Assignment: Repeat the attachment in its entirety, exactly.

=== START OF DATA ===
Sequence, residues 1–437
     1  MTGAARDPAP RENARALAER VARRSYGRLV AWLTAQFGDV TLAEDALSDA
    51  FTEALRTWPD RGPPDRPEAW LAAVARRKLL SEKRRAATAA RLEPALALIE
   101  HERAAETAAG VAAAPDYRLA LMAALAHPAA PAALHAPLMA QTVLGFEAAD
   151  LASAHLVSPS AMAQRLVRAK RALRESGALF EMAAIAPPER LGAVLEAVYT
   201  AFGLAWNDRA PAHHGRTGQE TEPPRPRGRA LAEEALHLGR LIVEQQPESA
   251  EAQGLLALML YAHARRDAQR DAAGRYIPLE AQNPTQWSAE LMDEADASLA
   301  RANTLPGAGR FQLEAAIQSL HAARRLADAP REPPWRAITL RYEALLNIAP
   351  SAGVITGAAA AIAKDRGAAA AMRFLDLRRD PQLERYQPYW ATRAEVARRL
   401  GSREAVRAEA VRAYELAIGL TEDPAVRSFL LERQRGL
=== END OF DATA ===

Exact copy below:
Sequence, residues 1–437
     1  MTGAARDPAP RENARALAER VARRSYGRLV AWLTAQFGDV TLAEDALSDA
    51  FTEALRTWPD RGPPDRPEAW LAAVARRKLL SEKRRAATAA RLEPALALIE
   101  HERAAETAAG VAAAPDYRLA LMAALAHPAA PAALHAPLMA QTVLGFEAAD
   151  LASAHLVSPS AMAQRLVRAK RALRESGALF EMAAIAPPER LGAVLEAVYT
   201  AFGLAWNDRA PAHHGRTGQE TEPPRPRGRA LAEEALHLGR LIVEQQPESA
   251  EAQGLLALML YAHARRDAQR DAAGRYIPLE AQNPTQWSAE LMDEADASLA
   301  RANTLPGAGR FQLEAAIQSL HAARRLADAP REPPWRAITL RYEALLNIAP
   351  SAGVITGAAA AIAKDRGAAA AMRFLDLRRD PQLERYQPYW ATRAEVARRL
   401  GSREAVRAEA VRAYELAIGL TEDPAVRSFL LERQRGL